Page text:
Last month, the two companies had a change of heart as Facebook FB -0.60% said it would slurp up user data, including phone numbers, that has till now been walled off in WhatsApp.
Such a shift was bound to draw the attention of regulators and, sure enough, the Federal Trade Commission has confirmed it is looking into the deal. In a letter to two privacy groups, the Center for Digital Democracy and the Electronic Privacy Information Center, the FTC says it will “carefully review” the complaint about the WhatsApp change.
The letter explains the agency is taking note of the groups’ two main objections: that Facebook’s plan to use the WhatsApp data is an “unfair and deceptive” trade practice, and that the plan violates the terms of a 2012 order related to an earlier privacy SNAFU involving Facebook. It also refers to WhatsApp’s earlier pledges about use of mobile phone numbers and other personal information.
All this his doesn’t mean necessarily mean, however, the agency will thwart Facebook’s plans for WhatsApp data—plans that will help the social network draw on WhatsApp’s more than one billion users to further ramp up its giant advertising machine.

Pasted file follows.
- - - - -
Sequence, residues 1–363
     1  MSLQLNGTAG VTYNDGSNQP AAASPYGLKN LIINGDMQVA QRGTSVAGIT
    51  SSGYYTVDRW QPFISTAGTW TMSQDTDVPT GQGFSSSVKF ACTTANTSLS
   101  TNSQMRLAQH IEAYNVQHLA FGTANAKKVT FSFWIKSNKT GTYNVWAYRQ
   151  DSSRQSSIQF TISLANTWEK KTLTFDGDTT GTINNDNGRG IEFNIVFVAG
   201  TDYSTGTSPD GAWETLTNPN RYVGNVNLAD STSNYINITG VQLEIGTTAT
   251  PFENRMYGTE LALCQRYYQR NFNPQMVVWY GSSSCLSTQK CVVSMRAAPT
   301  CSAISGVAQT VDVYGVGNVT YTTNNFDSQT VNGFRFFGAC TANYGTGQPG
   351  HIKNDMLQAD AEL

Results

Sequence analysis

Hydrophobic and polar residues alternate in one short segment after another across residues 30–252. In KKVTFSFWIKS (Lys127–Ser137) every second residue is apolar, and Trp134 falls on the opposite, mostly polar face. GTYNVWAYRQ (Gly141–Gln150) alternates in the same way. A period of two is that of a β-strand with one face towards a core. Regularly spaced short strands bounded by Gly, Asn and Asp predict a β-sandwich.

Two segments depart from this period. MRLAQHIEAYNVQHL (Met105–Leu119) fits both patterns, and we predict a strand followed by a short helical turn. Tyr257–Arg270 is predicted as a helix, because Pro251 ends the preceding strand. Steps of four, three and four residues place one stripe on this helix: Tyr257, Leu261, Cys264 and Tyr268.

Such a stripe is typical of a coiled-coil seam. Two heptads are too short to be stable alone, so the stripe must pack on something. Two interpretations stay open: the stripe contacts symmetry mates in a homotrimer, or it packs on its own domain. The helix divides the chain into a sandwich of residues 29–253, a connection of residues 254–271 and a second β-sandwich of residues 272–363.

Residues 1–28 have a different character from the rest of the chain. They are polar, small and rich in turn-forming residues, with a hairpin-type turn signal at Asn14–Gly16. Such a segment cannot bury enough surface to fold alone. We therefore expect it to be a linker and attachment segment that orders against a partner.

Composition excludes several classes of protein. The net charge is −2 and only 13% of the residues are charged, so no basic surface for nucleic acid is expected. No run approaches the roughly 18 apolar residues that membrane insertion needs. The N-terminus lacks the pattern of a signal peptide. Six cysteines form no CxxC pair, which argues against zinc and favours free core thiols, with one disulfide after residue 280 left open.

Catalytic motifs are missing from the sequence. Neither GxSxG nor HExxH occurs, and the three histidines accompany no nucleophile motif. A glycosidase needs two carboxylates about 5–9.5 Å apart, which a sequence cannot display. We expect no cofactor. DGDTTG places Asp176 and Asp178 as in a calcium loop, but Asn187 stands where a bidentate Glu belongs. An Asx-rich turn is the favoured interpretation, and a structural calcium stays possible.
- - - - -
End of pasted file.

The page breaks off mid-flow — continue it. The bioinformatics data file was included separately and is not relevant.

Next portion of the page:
Instead, the FTC letter is more of a standard acknowledgement that the agency is paying attention. (The letter also notes the agency’s longstanding custom of neither confirming or denying an investigation is underway.)
Still, Facebook is in a delicate legal position given its early statements that it would take a hands-off approach to WhatsApp, and in light of a 2014 FTC letter advising the companies to make any change in policy clear to consumers.
The crux of the FTC’s analysis will likely turn on the notice that now appears when a consumer opens the WhatsApp app. That notice says a consumer must agree to Facebook’s new terms if they want to keep using WhatsApp. But, if a consumer clicks on a “learn more” link, they will see a button where they can opt out of most of the data sharing.
Will this be enough to withstand FTC scrutiny? On one hand, WhatsApp is making it pretty clear what’s afoot when it comes to the change in data policy. If consumers don’t like it, they can always choose another messaging app.
On the other hand, Facebook’s strategy of stashing the opt-out option on a different screen may raise the hackles of the FTC and prompt the agency to take action.